You are probably looking at your list and feeling more than a little overwhelmed, which defeats the whole object of the exercise. We now need to look at the tasks and see what is realistic. We tend to overestimate what we can get done in a block of time, which leads to disappointment. When this happens, we can ‘fall off the wagon,’ and it can be tough to get motivated to start again. That is why it is crucial that you really think about every aspect of your life when you are thinking about the time you have available to dedicate to housework and cleaning.
Create or download a weekly planner – they’re readily available on the internet. Fill it in with every activity that you do. Include everything – school runs, work hours, planned grocery store visits, visits to friends and relatives, gym sessions or workouts. Include time travelling to and from activities, as this is often overlooked. Don’t forget to include some well-earned rest and relaxation time as well. Once this is done, you should have a better idea of the time that you have left and will allow you to see if you need to change anything.
Step Four: Create Your Cleaning Schedule
Now, you need to take your list of jobs and your weekly planner and begin to fill in when you will do what task. Work through each day and each room or job and decide what you can achieve in the time that you have. Start off with the daily chores, as once you have got on top of these, it will be much easier to do other jobs. Once these are scheduled in, add the weekly, fortnightly and monthly tasks. When it comes to annual tasks, see if you can allocate a month to each one of the tasks. For example, wash the curtains one month, defrost the freezer the next, and so on.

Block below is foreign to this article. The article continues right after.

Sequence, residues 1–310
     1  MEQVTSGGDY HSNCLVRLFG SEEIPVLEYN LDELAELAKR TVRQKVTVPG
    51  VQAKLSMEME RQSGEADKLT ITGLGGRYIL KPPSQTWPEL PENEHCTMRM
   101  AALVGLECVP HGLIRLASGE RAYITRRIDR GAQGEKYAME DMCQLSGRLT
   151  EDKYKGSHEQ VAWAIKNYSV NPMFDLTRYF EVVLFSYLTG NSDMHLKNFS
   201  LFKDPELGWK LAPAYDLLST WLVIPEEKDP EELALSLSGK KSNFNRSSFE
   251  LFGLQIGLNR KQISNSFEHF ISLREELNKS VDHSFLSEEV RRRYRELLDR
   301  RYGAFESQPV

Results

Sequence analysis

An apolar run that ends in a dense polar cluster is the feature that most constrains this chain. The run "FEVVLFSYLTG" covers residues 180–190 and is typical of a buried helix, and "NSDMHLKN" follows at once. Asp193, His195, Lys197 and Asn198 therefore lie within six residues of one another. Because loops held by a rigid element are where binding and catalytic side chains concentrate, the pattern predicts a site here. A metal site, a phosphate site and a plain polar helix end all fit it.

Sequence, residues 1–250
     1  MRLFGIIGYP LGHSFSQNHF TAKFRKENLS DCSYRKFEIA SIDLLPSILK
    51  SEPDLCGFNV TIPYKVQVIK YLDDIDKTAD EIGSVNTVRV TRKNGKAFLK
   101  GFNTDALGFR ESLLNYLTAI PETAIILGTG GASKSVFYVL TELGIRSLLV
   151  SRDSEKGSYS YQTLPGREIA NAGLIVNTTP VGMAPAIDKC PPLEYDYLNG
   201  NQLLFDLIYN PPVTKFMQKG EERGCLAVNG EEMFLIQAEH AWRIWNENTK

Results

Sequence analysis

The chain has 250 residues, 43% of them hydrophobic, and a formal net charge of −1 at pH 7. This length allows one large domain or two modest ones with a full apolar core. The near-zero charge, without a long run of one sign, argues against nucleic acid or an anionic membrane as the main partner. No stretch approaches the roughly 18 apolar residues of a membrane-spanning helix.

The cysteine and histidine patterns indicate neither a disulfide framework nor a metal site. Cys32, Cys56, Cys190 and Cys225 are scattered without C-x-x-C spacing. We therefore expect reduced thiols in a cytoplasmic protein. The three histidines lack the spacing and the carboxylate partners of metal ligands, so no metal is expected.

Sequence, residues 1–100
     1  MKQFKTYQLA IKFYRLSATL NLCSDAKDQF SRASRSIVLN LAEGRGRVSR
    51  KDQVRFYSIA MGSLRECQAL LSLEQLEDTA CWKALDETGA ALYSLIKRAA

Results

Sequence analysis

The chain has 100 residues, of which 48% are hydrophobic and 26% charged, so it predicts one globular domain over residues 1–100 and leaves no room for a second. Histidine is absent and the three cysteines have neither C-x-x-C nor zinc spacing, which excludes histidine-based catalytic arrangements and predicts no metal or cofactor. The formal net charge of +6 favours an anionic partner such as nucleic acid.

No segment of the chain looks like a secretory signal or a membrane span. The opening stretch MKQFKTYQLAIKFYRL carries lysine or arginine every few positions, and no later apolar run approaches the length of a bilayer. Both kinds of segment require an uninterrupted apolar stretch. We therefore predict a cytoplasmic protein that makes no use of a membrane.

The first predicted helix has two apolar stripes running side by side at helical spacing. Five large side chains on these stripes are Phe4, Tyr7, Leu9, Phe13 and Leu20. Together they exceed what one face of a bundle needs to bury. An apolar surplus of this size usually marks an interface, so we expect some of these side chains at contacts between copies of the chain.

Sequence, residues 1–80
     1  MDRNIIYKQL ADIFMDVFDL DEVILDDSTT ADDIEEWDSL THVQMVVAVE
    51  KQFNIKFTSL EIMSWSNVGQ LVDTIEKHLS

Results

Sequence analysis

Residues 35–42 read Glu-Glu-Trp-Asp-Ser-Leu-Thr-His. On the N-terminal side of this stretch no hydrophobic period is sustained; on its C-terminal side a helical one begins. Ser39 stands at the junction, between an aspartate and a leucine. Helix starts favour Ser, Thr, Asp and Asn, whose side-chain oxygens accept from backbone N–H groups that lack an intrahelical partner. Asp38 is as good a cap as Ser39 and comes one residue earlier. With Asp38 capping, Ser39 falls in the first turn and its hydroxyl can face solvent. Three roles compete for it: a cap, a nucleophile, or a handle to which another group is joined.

If you find that you cannot fit everything in, which is likely, you will need to decide which tasks are priorities. You may have put vacuuming down as a daily job, but you may find that you can stretch to doing it three times a week instead, leaving a block of time to do another task.
Don’t forget the importance of delegating tasks as well. The other people living in your household also have a responsibility to keep the house clean and tidy. There are plenty of lists on the internet for age-appropriate chores, but generally speaking, children should be able to help at least tidy their room, bring down their dirty laundry and help to empty the washing machine or dishwasher from a reasonably young age. Give a child a duster – they love to help!
Step Five: Put Your Schedule Into Place
The only way to see if your plan really works is to live with it for a while. Try it out for a month or so, and at the end of the trial period, consider the things that worked well, the things that didn’t, the tasks that took more or less time than you thought and whether the tasks that you have delegated are getting done.
From this insight, you can then begin to change things when and where necessary, and help you to keep on top of your housework and cleaning. Don’t forget to consider selling or donating items that tend to always be in the way or don’t have a use.